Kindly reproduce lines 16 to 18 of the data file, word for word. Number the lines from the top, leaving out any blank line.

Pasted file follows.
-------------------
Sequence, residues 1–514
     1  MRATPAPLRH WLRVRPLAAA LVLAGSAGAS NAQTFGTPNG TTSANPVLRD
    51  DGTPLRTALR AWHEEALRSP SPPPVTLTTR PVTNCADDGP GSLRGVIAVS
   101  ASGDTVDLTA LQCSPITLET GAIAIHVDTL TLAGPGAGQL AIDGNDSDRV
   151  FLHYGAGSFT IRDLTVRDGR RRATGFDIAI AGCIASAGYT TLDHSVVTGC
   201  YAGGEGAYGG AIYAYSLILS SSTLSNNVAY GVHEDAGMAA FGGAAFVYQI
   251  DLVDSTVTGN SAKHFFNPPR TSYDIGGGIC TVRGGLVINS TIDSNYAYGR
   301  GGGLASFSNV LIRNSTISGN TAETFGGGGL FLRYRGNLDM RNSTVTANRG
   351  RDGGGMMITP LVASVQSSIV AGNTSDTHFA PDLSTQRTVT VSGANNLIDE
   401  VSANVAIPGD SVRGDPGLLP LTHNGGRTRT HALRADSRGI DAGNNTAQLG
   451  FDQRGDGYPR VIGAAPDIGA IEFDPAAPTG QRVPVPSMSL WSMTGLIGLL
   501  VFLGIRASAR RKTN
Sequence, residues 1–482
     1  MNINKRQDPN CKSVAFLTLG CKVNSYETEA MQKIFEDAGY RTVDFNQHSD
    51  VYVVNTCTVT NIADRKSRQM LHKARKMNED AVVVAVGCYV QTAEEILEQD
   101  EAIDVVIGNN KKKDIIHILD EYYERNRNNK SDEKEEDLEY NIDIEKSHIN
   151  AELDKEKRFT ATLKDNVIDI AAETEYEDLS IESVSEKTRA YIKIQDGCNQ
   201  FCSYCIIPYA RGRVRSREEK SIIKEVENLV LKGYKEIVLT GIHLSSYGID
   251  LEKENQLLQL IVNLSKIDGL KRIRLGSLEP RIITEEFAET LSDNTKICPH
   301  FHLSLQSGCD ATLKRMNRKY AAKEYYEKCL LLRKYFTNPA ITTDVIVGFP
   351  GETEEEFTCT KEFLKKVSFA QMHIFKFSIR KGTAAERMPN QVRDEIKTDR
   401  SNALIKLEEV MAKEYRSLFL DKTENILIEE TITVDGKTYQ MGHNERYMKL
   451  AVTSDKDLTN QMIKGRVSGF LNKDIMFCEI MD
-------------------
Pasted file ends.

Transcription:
   101  EAIDVVIGNN KKKDIIHILD EYYERNRNNK SDEKEEDLEY NIDIEKSHIN
   151  AELDKEKRFT ATLKDNVIDI AAETEYEDLS IESVSEKTRA YIKIQDGCNQ
   201  FCSYCIIPYA RGRVRSREEK SIIKEVENLV LKGYKEIVLT GIHLSSYGID